It is of common knowledge that a lot of VC and angel investors from India and abroad are actively investing in Indian startups. Over $3.84 billion was pumped into the ecosystem in the third quarter of 2015 itself. However, we have been observing that despite having raised good investments, many startups struggle to survive the competition and are eventually forced to shut down their businesses.
I recently got to meet a number of Indian entrepreneurs across sectors at Startup India Rocks, a two-day conference organized by Scaale in Goa on the 7th & 8th of October . It was a good chance to hold direct confabs with startup founders and cultivate a deeper understanding of the dynamics of the ecosystem, the common challenges faced by native startups and a few more insights that could help one get the fundamentals of running business correct.
It is extremely important to find out and resolve the factors that are preventing growth and sustainability of startups in the country. Below are the 8 key things, influencing the failure or success rate of startups in India, according to founders and mentors of various startups.
Right Talent Acquisition
India is known for its affordable pool of talent, especially when it comes to technology. However, when one is starting up, talent acquisition becomes a pain, given that not everyone is flexible enough to work in a startup.
Upon being asked about the major deterrents on Indian startups’ path to a faster growth, Chirag Garg, CEO, HyperDell, exclaimed, “I see a lot of roadblocks actually! One of them is the fear of failure.
Affordable talent, and the right time for the required talent is another challenge.”
Failure to Mitigate the Gap Between Burn Rate and Revenue
Of late, it has been observed that once VC-popular food delivery startups, are now running low on cash. Amidst the growing competition, it becomes imperative for startups to scale up fast, and this is where external funding comes in. Startups and Investors go hand in hand, several Internet companies delay putting in efforts for revenue generation and focus more on raising investment. When fundraising comes to a halt, troubles start.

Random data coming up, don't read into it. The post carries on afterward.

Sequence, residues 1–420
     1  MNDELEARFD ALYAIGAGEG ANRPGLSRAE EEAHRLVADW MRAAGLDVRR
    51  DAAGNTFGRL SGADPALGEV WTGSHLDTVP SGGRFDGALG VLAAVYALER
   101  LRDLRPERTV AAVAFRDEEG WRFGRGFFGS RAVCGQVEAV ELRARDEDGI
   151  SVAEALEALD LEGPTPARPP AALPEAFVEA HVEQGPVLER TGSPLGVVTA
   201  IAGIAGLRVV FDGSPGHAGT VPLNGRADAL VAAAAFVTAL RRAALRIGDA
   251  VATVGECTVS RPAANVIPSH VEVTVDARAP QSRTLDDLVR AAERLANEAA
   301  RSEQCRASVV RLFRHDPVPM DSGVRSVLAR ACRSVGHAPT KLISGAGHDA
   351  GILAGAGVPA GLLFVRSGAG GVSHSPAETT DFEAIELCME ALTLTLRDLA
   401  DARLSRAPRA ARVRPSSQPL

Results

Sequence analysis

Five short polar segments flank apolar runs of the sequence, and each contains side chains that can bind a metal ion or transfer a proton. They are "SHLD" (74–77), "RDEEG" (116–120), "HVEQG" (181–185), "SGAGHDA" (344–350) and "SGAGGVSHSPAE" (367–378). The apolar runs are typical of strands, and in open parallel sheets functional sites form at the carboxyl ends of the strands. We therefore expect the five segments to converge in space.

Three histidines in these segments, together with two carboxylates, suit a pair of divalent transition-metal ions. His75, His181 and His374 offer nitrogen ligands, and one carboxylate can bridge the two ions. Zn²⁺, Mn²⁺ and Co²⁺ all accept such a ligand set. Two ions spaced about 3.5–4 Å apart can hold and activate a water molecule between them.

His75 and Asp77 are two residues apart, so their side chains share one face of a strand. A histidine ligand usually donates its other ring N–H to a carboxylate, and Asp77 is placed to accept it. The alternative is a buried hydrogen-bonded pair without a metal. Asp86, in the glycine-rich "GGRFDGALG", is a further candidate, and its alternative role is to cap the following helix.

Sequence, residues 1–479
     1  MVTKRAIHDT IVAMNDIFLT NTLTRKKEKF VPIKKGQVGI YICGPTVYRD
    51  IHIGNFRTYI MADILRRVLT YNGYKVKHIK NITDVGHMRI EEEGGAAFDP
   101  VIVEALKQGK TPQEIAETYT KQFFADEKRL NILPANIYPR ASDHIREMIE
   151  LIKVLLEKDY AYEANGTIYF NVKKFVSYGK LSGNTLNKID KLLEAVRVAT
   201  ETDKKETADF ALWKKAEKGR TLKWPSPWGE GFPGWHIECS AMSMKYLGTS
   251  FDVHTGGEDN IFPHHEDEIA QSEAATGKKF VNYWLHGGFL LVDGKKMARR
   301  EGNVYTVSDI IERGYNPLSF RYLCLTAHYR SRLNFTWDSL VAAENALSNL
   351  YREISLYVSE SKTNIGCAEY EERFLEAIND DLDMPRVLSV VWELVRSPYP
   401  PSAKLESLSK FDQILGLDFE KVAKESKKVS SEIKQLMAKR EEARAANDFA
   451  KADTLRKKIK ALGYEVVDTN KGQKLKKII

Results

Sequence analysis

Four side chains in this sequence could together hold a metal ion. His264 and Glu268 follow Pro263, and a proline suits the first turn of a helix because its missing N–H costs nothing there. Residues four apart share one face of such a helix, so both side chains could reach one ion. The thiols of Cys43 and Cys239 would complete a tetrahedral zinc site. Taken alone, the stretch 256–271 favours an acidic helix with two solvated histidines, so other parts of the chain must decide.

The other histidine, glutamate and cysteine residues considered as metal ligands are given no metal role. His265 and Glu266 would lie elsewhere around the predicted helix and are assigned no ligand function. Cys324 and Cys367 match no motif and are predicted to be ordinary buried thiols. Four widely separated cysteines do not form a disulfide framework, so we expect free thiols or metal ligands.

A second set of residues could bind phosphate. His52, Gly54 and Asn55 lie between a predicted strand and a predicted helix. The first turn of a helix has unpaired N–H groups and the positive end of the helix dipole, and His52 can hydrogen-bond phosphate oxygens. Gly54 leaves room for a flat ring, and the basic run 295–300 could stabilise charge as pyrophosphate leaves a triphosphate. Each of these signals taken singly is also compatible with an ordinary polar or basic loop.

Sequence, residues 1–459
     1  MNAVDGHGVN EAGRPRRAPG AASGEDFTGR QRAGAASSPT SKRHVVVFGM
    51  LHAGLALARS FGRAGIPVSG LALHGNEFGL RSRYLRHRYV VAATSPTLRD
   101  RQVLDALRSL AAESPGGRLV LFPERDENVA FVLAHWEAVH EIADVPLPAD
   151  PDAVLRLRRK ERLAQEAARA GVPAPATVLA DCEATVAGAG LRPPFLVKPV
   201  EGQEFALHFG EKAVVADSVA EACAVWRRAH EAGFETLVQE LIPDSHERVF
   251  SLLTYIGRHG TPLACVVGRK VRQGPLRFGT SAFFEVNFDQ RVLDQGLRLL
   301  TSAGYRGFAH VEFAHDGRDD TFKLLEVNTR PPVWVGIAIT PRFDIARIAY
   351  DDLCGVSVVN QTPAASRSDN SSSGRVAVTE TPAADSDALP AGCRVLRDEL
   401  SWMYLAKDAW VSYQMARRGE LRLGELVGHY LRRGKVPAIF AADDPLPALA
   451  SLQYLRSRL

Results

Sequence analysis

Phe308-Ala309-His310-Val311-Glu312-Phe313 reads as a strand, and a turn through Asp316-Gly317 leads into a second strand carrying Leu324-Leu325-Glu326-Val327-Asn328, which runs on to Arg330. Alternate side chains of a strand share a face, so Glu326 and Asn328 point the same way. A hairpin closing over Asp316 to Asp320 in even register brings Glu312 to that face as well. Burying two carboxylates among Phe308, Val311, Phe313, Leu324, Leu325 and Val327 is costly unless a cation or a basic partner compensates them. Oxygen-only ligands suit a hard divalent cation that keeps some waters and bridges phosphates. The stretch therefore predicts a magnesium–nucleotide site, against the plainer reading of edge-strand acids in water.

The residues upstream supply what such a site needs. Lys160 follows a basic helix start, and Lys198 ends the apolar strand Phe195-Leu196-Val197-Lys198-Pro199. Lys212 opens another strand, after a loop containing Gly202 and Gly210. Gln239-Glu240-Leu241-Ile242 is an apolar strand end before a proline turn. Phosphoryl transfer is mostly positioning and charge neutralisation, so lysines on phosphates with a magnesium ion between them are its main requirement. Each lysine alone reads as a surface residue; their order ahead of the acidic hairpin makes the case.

Chirag maintained, “I think the right management of your burn rate is really a big concern”. Citing an example of Local Banya which shut its operations a couple of days back, he said, “Many a time, we observe that as soon as a startup gets funded, it loses its conscious approach to the burn rate and goes haywire.
Third Party Growth Decelerators
Similarly, when I approached Sneh Bhavsar, CoFounder and CEO, OoWomaniya with the same query, he asserted, “It is really interesting how the problems are evolving along with the evolution of startups in India.” According to him one of the major issues is “the influence of external organizations” that is -businesses, incubators, institutes and all such organisations which are trying to control, manage, take advantage for their events, brand or just numbers, be the daddies of the start-ups and entrepreneurs in the name of helping, mentoring etc. He added, “In Ahmedabad, I have seen the most innovative, fast growing startups which also started making profits – they all were self-dependent, never incubated or mentored. Yes, they may have grown slower in early stage but on any day it is better as they are profitable, sustainable. There are more daddies than kids in india’s startup ecosystem.“
Lack of Mentorship
Lack of proper guidance and mentorship is one of the biggest problems that exists in the Indian startup ecosystem, believes Milan Hoogan, Vice President -Sales and Marketing at Erfolg Life Sciences. He is of the opinion that the current startup ecosystem consists of a lot of young talent coming out with some very unique ideas. These ideas have enough fuel in them to propel most of these start-ups to great heights. But, one of the biggest factors that slows the growth of these companies, is the poor quality of mentorship they get. Most of these organizations are good with their ideas and/or products, but have little or no industry, business and market experience to effectively get their products out.